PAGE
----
Feature Story | 11-Jun-2024

National Basketball Players Association’s TOP 100 Camp players join the Nation of Lifesavers

Joint programming designed to educate elite high school basketball players and parents, building upon the Nation of Lifesavers Initiative

American Heart Association

DALLAS, June 11, 2024 — The American Heart Association and the National Basketball Players Association (NBPA) have equipped more athletes and their families to be confident and capable when faced with a cardiac emergency, adding more people to the Association’s Nation of Lifesavers™ movement. Monday at the ESPN Wide World of Sports Complex at Walt Disney World Resort near Orlando, Fla., players and parents attending the 30th year of the TOP 100 Elite High School Basketball Camp (TOP 100) learned Hands-Only CPR.

Instruction of this lifesaving skill was added to this year’s TOP 100 curriculum, which emphasizes character, education and skill development as the core principles necessary to maximize a player’s potential. Joined by NBA players Keyontae Johnson and Jared Butler, participants learned the correct rate and depth of CPR compressions to be confident and capable when faced with a cardiac emergency. Compression-only CPR, known as Hands-Only CPR, can be equally effective as traditional CPR in the first few minutes of emergency response and is a skill everyone can learn.

“As we celebrate 100 years of lifesaving work, it remains mission critical for the American Heart Association to teach the vital and extraordinary skill of CPR to everyone, everywhere as we work to increase the chain of survival when seconds matter," said Nancy Brown, chief executive officer of the American Heart Association. “Knowing how to respond in a cardiac emergency when seconds matter is literally the difference between life and death. We are so proud to support the National Basketball Players Association to add more lifesavers in the community.”

According to American Heart Association data, nine out of every ten people who experience cardiac arrest outside of a hospital die, in part because they do not receive immediate CPR more than half of the time. Cardiopulmonary resuscitation (CPR), especially if performed immediately, can double or triple a person’s chance of survival.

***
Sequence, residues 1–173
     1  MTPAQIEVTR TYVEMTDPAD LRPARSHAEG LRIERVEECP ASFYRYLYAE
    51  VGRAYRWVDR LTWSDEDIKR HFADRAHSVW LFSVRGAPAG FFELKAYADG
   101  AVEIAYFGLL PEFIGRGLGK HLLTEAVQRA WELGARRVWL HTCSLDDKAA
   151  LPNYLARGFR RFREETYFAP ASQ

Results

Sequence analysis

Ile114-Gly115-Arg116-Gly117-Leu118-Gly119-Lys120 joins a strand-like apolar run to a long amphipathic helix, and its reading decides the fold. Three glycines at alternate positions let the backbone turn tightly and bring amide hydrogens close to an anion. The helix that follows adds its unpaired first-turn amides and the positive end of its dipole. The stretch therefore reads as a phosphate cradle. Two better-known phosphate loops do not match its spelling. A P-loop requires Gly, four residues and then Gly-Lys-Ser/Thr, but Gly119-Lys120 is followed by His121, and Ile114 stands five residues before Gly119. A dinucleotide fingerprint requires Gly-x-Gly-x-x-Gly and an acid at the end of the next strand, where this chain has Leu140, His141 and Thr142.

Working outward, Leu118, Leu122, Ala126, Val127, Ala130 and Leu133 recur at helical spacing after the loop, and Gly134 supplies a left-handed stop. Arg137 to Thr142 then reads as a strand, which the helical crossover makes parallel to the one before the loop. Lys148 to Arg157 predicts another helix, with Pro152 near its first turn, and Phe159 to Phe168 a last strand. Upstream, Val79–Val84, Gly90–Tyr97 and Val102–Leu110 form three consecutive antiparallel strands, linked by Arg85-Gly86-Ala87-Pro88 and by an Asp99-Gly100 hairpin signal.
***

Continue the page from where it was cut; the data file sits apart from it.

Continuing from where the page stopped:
For more than six decades, the American Heart Association has published official guidelines for CPR and has led the way as the global leader in resuscitation science, education, and training. More than 350,000 people in the U.S. have an out-of-hospital cardiac arrest every year. With nearly three out of four cardiac arrests outside of the hospital occurring in homes, knowing how to perform CPR is critically important.

The Nation of Lifesavers™ movement is the Association’s most recent commitment to CPR with the declaration to double survival rates of cardiac arrest by 2030. Cardiac arrest survivor and Buffalo Bills safety Damar Hamlin, serves as the national ambassador. Hamlin suffered sudden cardiac arrest in January 2023 on Monday Night Football. He received CPR and AED live on television as in-stadium attendees and viewers at home watched those very first links in the chain of survival working. In this role, Hamlin has supported efforts to increase CPR education through public service announcements and in-person training, and advocated for federal policy change to increase access to AEDs. The Access to AEDs Act would create a grant program for K-12 schools to provide CPR and AED training, purchase AEDs and create cardiac emergency response plans that establish specific steps to reduce death from cardiac arrest in school settings.


About the American Heart Association 

The American Heart Association is a relentless force for a world of longer, healthier lives. We are dedicated to ensuring equitable health in all communities. Through collaboration with numerous organizations, and powered by millions of volunteers, we fund innovative research, advocate for the public’s health and share lifesaving resources. The Dallas-based organization has been a leading source of health information for a century. During 2024 - our Centennial year - we celebrate our rich 100-year history and accomplishments. As we forge ahead into our second century of bold discovery and impact our vision is to advance health and hope for everyone, everywhere. Connect with us on heart.orgFacebookX or by calling 1-800-AHA-USA1.

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